Vote No On Health Insurance Changes Affecting County Teachers

Wednesday, August 27, 2014

Our Hamilton County School Board will vote on insurance changes effecting both active employees and retirees, who are not on Medicare at this time.  HCEA strongly objects to changes being made at this time and urges a “No” vote.  Insurance had been frozen three years by negotiations.  Since the Educators Professional Negotiations Act was nullified by the 2011 Legislature, the agreement was that we would address it in negotiations.  Now, under the new law, we will collaboratively conference.  These changes should be on the agenda for collaborative conferencing and not being determined only by management.

In a copy of a report to the School Board dated May 19, 2010, Ed Adams, a consultant to the Board, gave some interesting information that certainly speaks to our issue today.

First, only 58.5 percent of our employees used generic drugs.  By increasing by one percent, we could save approximately $247,000 annually.

Going to a three-tier drug co-pay system was to save the district $1.5 million a year.  We instituted it.

 The district instituted a 30-day maximum prescription at a retail pharmacy. This move was to save the system $668,100.

Additionally, 73 percent of our employees  have started using generic prescriptions from a mail plan through Caremark. Per percentage point using the generic mail order was to save $412,000 per year.  The industry (other school districts) average was 40.7 percent usage.  Therefore, our teachers are making a good faith effort to save the district money. We moved from seven percent to 73 percent usage because we talked about our district needing to contain costs so our teachers could get raises.  Again, this change was at no cost to the district.

 Other changes were recommended but these changes required the district to invest money in wellness suggestions such as reductions in the YMCA or other gym membership fees. Some suggestions required the district to investigate the nurses giving flu shots and routinely checking blood pressure of teachers.  Again, the district did nothing.

HCEA has helped to inform teachers that by saving the district money, resources could be made available for classroom needs and salaries.  So far, teachers are still using antiquated technology.  There was a raise last year, but before that we had not had a raise in three years.

 These insurance changes should be discussed at the Collaborative Conferencing table and this crisis is just a ploy to avoid the association's participation and rush the vote. Complying the law, HCEA cannot take a letter of intent to collaborate to our employer until October 1.  Indeed, these are unnecessarily harsh and costly insurance changes for employees and retirees whose work should be valued and respected.

A “No” vote is the only way to ensure complete fairness, objectivity, and integrity in making the decision.  The Board has not received current information from the vendors and no options for the Board to create opportunities for teachers improve their own health in a stressful occupation.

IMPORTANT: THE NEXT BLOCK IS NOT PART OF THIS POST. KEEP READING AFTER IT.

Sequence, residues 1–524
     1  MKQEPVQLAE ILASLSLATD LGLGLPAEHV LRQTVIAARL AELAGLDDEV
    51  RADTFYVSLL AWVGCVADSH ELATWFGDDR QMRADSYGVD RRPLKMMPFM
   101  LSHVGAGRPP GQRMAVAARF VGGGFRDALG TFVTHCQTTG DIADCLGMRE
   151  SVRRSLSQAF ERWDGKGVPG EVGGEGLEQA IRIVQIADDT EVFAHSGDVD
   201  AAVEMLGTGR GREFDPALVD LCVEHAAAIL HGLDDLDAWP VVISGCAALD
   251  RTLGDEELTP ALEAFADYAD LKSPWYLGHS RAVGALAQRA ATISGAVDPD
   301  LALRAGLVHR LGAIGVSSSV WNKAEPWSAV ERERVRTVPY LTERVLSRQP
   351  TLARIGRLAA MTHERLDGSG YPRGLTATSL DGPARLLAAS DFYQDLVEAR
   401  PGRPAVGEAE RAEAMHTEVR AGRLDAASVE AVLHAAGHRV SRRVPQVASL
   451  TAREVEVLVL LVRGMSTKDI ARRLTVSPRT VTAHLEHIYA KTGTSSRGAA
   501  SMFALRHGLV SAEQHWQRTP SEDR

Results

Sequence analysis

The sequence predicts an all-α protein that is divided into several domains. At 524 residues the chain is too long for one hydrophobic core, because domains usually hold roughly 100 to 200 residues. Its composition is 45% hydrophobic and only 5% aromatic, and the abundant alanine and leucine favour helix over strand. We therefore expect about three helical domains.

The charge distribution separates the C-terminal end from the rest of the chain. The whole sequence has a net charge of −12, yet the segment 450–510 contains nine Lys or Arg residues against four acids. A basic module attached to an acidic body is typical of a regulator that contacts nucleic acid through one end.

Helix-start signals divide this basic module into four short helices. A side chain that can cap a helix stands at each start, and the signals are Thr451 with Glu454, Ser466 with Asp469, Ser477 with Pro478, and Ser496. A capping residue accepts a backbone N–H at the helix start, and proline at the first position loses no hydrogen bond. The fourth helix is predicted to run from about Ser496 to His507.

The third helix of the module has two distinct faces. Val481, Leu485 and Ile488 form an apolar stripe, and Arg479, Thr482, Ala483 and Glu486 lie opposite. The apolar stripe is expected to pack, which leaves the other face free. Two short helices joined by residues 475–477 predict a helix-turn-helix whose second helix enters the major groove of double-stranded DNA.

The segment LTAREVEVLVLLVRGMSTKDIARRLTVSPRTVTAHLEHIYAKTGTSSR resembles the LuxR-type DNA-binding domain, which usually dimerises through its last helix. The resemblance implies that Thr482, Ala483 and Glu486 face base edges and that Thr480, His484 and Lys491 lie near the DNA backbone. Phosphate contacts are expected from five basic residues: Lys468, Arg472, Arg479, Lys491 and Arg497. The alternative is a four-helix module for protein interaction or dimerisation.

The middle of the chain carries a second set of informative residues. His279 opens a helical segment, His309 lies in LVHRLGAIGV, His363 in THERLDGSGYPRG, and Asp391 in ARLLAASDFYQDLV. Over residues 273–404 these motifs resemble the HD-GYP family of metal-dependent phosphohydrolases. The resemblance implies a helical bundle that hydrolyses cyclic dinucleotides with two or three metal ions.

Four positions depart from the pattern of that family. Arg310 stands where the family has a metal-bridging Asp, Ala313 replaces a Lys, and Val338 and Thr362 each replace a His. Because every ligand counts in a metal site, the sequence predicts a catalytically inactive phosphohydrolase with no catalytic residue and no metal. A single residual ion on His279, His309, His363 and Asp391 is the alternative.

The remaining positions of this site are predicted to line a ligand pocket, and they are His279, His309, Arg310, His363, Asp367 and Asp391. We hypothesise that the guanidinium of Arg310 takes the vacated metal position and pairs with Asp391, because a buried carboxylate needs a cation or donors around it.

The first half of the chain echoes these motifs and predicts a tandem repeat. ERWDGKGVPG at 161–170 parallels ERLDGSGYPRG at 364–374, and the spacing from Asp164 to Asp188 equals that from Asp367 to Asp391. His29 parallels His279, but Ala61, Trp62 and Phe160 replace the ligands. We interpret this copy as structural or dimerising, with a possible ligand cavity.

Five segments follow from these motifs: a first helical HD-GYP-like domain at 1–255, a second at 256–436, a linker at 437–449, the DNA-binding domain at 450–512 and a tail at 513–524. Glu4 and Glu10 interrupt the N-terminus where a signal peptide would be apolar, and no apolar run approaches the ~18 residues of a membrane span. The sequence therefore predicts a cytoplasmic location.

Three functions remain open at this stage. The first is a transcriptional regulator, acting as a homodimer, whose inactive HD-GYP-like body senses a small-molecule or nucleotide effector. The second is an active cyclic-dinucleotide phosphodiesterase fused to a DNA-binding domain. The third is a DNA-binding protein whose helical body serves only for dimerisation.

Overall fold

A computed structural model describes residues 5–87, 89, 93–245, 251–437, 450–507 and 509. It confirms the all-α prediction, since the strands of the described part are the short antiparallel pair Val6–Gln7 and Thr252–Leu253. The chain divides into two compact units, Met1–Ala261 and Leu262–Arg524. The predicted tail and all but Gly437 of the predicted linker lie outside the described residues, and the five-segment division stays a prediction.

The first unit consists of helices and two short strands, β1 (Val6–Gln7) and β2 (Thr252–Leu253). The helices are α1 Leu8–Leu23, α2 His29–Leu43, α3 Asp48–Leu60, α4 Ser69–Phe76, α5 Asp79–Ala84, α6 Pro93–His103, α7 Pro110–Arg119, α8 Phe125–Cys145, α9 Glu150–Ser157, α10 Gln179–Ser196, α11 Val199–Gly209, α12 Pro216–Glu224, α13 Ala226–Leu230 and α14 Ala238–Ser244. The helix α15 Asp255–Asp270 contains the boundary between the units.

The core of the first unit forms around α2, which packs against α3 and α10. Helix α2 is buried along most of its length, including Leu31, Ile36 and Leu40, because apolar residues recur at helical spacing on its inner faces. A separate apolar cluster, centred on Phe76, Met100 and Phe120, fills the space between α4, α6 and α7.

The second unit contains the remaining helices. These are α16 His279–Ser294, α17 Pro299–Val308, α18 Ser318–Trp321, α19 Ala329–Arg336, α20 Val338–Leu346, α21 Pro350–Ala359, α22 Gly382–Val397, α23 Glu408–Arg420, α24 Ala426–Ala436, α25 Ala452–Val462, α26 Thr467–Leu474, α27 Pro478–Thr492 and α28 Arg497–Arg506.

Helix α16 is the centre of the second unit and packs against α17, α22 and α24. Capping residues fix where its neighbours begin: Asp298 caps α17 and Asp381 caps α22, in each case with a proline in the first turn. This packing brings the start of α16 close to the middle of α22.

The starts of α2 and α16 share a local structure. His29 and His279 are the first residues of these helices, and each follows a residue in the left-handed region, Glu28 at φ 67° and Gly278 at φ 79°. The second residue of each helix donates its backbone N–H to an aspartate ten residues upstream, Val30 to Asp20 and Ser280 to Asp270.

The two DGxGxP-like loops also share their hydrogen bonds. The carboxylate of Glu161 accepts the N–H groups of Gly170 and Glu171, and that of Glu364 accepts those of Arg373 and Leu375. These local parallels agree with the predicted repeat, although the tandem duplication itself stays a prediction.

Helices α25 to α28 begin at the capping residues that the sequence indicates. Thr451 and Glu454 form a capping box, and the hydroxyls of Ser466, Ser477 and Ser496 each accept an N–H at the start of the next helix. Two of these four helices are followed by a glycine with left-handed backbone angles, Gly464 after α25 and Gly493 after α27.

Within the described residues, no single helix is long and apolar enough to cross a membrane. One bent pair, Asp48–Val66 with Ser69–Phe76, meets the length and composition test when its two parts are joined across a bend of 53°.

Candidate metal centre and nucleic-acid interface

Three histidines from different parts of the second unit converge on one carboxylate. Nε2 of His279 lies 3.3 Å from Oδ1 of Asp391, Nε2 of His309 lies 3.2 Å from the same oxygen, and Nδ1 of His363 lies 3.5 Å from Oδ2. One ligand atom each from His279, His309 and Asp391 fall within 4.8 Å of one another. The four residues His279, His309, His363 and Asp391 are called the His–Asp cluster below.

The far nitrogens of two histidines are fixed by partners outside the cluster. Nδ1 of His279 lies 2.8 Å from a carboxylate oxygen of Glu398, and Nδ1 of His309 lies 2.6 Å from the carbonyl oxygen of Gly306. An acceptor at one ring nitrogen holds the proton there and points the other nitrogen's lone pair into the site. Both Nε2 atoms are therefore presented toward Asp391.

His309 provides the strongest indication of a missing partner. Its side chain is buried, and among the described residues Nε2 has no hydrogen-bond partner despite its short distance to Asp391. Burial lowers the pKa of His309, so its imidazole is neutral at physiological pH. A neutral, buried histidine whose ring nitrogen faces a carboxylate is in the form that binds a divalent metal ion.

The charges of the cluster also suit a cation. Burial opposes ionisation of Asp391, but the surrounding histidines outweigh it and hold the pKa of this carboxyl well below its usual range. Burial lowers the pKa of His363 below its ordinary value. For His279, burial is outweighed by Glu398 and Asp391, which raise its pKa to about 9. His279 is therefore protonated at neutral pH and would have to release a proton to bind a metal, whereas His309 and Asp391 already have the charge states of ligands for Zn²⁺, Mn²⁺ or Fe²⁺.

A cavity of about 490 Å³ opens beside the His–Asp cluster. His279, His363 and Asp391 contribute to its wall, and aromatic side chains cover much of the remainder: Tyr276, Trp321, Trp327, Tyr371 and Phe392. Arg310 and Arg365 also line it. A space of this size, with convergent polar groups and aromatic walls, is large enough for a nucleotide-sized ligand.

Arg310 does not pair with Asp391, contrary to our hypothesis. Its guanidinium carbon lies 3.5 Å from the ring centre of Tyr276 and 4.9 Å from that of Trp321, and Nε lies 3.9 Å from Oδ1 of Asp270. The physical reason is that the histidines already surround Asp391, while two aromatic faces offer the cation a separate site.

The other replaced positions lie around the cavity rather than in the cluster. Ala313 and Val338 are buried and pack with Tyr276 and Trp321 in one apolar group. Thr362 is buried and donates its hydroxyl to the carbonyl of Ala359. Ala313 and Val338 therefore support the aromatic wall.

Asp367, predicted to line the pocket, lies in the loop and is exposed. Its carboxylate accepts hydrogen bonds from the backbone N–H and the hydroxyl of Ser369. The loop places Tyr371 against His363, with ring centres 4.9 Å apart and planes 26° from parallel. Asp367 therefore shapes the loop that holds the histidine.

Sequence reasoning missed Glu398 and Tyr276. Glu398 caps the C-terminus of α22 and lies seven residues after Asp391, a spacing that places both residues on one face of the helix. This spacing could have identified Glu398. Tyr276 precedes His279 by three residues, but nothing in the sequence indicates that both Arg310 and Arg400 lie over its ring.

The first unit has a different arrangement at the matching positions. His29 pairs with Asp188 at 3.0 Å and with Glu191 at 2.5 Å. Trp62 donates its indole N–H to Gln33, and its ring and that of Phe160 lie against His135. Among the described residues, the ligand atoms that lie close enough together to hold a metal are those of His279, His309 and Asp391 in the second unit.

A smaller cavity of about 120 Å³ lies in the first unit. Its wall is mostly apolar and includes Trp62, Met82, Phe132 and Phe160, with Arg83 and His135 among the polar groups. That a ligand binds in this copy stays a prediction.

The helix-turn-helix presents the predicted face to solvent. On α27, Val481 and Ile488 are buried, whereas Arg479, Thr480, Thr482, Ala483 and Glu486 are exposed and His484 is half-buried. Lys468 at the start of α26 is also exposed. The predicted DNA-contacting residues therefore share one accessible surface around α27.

Sandy Hughes

Hamilton County Education Association


Senator Corker: U.S. Needs More Proactive Approach To Counter North Korean Nuclear Threat

Following a visit to China, South Korea and Japan three years ago, I argued it was long past time for the United States to get serious about the North Korea threat and China's continued support for the Kim Jong Un regime.  Yet here we are in 2016, on the heels of a missile launch and North Korea's fourth nuclear test -- a test that may well represent a significant technological ... (click for more)

Roy Exum: Vote ‘No’ On Vouchers

I fully believe that public education in Hamilton County is the single most important opportunity that challenges us today. Over the weekend the new website for the ‘Chattanooga 2.0’ initiative went up and every parent who has a child in our public system should make it “required reading.” You can find it at www.chatt2.org. Please sign up for updates because a lot of us need to ... (click for more)

Underground Fire Closes Several Downtown Streets

An underground fire closed several downtown streets late Saturday afternoon. At approximately 5:20 p.m., the Chattanooga Fire Department responded to a reported fire in a man-hole at the corner of Chestnut Street and W. 8th Street. When fire companies arrived on the scene, they found black smoke coming from an underground electrical service line. The man-hole cover had been ... (click for more)

16-Year-Old Who Was Shot In The Head In East Ridge Dies

Monserrate Ferrer, the 16-year-old who was shot in East Ridge on Friday, has died. Investigators will meet early next week with the Hamilton County District Attorney's Office to discuss the case. The shooting that involved two juveniles was at the 4200 block of Bennett Road. Responding officers found a 16-year-old boy in the bedroom with a gunshot wound to the head. East ... (click for more)

Red Bank Beats Pigeon Forge For A-AA State Duals Title

FRANKLIN, Tenn. – The Red Bank Lions finally reached the mountain top as far as high school wrestling is concerned. The Lions had finished second to Bradley in the State Duals back in 1995 and it had been 16 years since the Lions had been involved, but they put an exclamation point on a strong dual-meet season by winning the Class A-AA title here at Williamson County Agricultural ... (click for more)

Bradley Whips Soddy Daisy For AAA State Duals Title

FRANKLIN, Tenn. – The Bradley Bears have won more state duals titles than anyone and they added another one after going four years without being in the championship round. It’s been a remarkable season for the Bears, who beat region-rival Soddy Daisy by a 52-21 margin for their latest state title. Saturday night’s   match was never really close as the Bears had a ... (click for more)